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Ginger Lawless Hughes
April 6, 2017

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Ginger Lee Hughes passed away Wednesday, March 29, 2017, surrounded by her adoring family at her son's home in Saranac Lake.

Born June 10, 1937, in Saranac Lake to Austin and Betty Gowan, she was the youngest sister to Austin Jr., Gertrude, Joyce, Norma, Joan and Richard. Ginger's mother Betty Gowan was the constant guiding force in her life. Ginger honored her mother's life by the way in which she lived her own.

After graduating high school, Ginger fell in love with and ultimately married Edward John Lawless. Ginger loved to tell the story of how she first turned down Jack when he told her that he didn't know how to dance, saying, "Call me back when you learn how," and hung up the phone. Jack learned how to dance quickly after that, and they were happily married for 26 years. Together they raised seven children of their own: E. John II, Christopher, Joseph, Matthew, Michael and finally her only daughter Margaret, the light of her life, and then her baby boy Kenneth. She was predeceased by their infant son Peter Lawless.

Ginger and Jack created a fun-loving, playful and well-rounded household for their children to grow up in, opening their hearts and home to anyone in need of a loving family. Mom and Dad were like teenagers in love all those years. They danced in the kitchen almost every night, hosting parties, attending parties, lots of getting together with friends and family, late-night card games, camping trips with the old school bus, all nine of us packed in a station wagon singing wherever we went, lots of family trips singing all the way, hide-and-go-seek with Mom and Dad and aunts and uncles. Ginger was happiest with a house overflowing with guests and alive with the laughter of children. Jack and Ginger remained close friends their entire lives.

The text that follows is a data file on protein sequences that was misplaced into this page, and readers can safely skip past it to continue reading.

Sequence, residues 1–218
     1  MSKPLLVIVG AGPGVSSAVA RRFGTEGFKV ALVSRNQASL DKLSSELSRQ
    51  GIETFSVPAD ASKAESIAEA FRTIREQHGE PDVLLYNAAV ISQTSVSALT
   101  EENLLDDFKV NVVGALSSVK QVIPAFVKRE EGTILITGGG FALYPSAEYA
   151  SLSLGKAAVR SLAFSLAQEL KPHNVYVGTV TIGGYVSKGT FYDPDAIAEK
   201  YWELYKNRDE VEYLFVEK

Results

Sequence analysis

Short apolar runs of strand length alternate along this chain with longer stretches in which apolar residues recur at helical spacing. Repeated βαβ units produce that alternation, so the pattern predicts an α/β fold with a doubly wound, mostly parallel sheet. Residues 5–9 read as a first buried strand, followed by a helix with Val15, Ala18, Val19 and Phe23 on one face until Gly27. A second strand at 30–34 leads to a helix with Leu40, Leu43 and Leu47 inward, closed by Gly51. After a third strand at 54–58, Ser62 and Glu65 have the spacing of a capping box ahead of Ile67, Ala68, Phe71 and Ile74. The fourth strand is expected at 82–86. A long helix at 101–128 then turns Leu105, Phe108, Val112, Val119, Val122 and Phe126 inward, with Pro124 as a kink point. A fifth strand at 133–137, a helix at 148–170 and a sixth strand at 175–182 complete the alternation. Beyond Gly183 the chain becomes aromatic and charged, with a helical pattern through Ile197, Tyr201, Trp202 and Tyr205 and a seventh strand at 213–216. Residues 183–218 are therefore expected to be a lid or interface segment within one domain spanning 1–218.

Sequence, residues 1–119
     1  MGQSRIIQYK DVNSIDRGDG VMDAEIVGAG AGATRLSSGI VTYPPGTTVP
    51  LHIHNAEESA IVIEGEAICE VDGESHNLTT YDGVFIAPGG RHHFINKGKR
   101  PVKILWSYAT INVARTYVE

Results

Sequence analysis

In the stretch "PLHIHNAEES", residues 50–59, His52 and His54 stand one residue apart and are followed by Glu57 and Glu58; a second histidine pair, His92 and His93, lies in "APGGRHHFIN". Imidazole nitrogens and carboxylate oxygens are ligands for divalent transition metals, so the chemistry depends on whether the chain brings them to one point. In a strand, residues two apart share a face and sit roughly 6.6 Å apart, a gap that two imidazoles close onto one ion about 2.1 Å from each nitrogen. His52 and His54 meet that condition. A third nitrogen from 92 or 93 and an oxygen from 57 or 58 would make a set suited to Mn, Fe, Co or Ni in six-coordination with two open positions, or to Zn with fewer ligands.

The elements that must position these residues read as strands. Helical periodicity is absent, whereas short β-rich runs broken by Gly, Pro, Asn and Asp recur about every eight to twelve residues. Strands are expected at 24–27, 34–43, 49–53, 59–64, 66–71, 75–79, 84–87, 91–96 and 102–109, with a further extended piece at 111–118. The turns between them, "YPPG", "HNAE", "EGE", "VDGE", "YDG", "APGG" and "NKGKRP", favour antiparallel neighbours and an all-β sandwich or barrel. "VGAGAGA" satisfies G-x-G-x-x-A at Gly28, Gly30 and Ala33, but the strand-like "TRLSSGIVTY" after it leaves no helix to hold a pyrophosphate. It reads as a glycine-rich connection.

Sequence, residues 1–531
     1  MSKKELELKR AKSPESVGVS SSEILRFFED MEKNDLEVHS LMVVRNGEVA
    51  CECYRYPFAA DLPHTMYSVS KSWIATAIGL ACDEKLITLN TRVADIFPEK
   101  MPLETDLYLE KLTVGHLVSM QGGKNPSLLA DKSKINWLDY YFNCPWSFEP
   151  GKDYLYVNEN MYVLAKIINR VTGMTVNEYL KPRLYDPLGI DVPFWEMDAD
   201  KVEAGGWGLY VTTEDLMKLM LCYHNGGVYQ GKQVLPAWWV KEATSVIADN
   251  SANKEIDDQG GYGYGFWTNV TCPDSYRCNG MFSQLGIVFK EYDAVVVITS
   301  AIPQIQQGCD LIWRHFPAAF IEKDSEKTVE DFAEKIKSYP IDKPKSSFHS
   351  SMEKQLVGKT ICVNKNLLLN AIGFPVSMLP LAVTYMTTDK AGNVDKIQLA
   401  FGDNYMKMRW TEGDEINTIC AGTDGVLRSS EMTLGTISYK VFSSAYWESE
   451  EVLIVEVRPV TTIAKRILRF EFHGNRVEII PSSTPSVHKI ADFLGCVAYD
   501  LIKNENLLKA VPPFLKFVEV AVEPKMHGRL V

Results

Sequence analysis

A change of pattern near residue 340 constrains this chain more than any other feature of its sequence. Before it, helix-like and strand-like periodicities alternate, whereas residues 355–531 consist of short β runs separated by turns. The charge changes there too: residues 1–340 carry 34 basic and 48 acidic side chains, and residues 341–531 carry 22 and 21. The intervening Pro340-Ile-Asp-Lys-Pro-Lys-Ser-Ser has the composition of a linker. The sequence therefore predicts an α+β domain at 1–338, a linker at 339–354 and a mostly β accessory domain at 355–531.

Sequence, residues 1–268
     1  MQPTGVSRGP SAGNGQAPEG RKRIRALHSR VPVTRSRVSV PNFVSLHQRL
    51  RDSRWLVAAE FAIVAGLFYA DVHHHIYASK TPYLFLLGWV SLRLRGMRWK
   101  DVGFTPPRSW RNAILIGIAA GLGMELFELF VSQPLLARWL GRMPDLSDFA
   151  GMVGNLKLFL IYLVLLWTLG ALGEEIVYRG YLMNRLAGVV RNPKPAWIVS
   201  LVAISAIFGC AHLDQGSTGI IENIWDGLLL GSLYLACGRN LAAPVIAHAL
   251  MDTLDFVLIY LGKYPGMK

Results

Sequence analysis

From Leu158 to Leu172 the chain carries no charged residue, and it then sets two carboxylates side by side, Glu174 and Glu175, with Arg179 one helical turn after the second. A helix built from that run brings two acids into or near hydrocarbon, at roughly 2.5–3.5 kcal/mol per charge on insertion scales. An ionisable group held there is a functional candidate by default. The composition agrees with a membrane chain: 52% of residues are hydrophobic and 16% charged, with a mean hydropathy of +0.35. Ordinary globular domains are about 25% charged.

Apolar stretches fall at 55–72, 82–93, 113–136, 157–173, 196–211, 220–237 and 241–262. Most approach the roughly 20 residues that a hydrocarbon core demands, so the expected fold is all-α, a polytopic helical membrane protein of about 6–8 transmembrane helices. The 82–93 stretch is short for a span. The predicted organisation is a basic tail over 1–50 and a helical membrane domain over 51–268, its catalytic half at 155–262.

Mom would go on to marry Martin T. Hughes, and she was fond of saying that she was able to find the perfect man two different times. Ginger showed Martin the simple pleasures of nature: campfires, fishing, digging flowers on the side of the road, antiquing and so much more. He showed her the world. Together they traveled extensively, dancing and singing along the way, whenever and wherever the mood struck. Martin predeceased her in 1996; she would feel the loss but also the love until the day she died.

Ginger had an inherent business sense and became the first female real estate agent in Franklin County. Her success in real estate was defined by her uncanny ability to see the potential in every piece of property and match it with the right buyer. She owned and operated several businesses including The Bargain Boutique and Chelsea's Antiques, both in Lake Placid, and West St. Gold and Jewelry in Annapolis, Maryland. As in all she did, Ginger's unique sense of style and abundant joy of sharing her treasures with others made every endeavor she took successful.

Ginger enjoyed volunteer work and spent many years with the March of Dimes, was a Cub Scout den mother and also taught religious education. She was a devoted Catholic and was active in the church throughout her entire life.